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Human Cellular Genetics of Innate Immunity



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Rostom, Raghd 


The type I interferon response is a key part of the innate immune system, responding to infection and inducing an antiviral intracellular state. While there is known to be variability in this signalling pathway between individuals, alongside cell-to-cell heterogeneity in a genetically identical cell population, the basis of this variation is not fully understood. In this PhD, I established large-scale single-cell RNA sequencing experiments to study cellular variation in the innate immune response in fibroblasts of 70 healthy human individuals from the HipSci initiative. Chapter 2 describes optimisation of stimulation conditions to induce an antiviral response, and the experimental work carried out on the panel of donors. In Chapter 3, I analyse heterogeneity in resting (unstimulated) fibroblasts. By comparing to ex vivo skin data containing multiple cell types, I confirm the relative homogeneity of the in vitro cultured fibroblasts used, mapping to one sub-population of ex vivo skin fibroblasts. Using matched whole exome sequencing data, somatic mutations in sub-populations of cells within each donor were detected, and clonal populations identified. A novel computational method, cardelino, was developed for inference of the clonal tree configuration and the clone of origin of individual cells that have been assayed using scRNA-seq. Applying cardelino to 32 fibroblast lines identifies hundreds of differentially expressed genes between cells from different somatic clones, with cell cycle and proliferation pathways frequently enriched. Returning to innate immunity, Chapters 4 and 5 centre on variability in the type I interferon response. I first describe work linking variability in the innate immune response and evolutionary divergence across mammalian species. Focusing on human variability, the large dataset described above is used to characterise the innate immune response at single cell resolution, elucidating the dynamics of the response across donors in Chapter 4. Chapter 5 describes the application of quantitative trait loci approaches to innate immune phenotypes. This work characterises both inter- and intra-individual heterogeneity in innate immunity.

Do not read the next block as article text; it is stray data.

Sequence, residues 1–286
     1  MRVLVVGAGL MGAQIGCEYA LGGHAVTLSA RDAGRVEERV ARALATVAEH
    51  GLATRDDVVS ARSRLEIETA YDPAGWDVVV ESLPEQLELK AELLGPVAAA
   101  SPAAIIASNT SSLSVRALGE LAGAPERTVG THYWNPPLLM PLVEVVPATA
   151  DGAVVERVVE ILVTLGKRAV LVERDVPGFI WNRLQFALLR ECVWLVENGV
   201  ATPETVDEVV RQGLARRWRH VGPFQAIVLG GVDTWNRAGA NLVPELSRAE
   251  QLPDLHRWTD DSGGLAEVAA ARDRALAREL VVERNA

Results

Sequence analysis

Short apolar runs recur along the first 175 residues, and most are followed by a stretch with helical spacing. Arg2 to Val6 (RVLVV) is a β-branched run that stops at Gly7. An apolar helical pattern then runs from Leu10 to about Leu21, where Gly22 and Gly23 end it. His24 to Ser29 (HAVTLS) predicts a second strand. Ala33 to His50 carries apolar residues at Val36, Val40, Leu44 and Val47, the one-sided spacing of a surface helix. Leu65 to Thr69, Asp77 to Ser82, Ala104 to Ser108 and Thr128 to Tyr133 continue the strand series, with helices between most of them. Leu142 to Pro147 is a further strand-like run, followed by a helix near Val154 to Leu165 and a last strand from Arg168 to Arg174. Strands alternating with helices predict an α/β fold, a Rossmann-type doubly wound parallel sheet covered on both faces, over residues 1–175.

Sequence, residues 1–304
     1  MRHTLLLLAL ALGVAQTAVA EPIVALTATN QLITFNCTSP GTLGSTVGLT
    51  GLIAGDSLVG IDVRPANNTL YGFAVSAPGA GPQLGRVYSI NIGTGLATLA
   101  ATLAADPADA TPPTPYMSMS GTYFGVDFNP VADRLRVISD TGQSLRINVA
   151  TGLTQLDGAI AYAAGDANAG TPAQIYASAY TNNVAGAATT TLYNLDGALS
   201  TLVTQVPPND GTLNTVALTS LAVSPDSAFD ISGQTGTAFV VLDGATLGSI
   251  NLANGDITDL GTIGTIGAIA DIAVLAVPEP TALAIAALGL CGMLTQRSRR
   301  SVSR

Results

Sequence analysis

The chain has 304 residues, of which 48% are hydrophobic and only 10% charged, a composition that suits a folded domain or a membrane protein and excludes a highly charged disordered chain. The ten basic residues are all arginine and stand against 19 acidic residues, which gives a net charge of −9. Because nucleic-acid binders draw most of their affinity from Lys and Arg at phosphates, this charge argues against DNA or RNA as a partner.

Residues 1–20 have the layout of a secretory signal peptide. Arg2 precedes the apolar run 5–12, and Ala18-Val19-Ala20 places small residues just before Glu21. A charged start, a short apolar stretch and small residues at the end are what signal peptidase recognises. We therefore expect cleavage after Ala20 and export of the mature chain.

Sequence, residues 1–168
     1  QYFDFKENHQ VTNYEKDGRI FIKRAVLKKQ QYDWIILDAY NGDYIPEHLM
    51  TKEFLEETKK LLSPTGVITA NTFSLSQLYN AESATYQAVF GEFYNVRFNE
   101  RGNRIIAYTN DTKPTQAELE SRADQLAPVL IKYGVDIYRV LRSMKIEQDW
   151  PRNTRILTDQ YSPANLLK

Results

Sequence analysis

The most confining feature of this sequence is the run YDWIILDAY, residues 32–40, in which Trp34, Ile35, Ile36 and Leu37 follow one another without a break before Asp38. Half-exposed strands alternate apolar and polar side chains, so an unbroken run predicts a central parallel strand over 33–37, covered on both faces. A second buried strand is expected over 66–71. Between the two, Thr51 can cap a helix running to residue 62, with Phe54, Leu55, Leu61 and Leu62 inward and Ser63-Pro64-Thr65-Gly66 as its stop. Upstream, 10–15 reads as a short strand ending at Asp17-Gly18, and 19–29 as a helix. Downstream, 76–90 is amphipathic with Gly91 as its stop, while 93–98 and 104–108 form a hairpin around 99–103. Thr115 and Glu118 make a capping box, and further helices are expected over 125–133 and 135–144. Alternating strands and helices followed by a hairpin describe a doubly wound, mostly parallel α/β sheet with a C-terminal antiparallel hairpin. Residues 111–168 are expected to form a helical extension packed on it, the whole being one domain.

Teichmann, Sarah
Stegle, Oliver


Single cell RNA-sequencing, Single cell genomics, Type I interferon response, Innate immunity


Doctor of Philosophy (PhD)

Awarding Institution

University of Cambridge